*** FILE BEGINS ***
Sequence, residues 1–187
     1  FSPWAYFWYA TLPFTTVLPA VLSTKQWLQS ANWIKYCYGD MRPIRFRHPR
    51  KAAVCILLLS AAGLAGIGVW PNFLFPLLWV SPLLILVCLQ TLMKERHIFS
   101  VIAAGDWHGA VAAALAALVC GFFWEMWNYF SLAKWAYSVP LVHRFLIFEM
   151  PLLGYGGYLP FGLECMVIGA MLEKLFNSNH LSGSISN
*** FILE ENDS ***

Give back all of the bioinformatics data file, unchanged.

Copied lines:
Sequence, residues 1–187
     1  FSPWAYFWYA TLPFTTVLPA VLSTKQWLQS ANWIKYCYGD MRPIRFRHPR
    51  KAAVCILLLS AAGLAGIGVW PNFLFPLLWV SPLLILVCLQ TLMKERHIFS
   101  VIAAGDWHGA VAAALAALVC GFFWEMWNYF SLAKWAYSVP LVHRFLIFEM
   151  PLLGYGGYLP FGLECMVIGA MLEKLFNSNH LSGSISN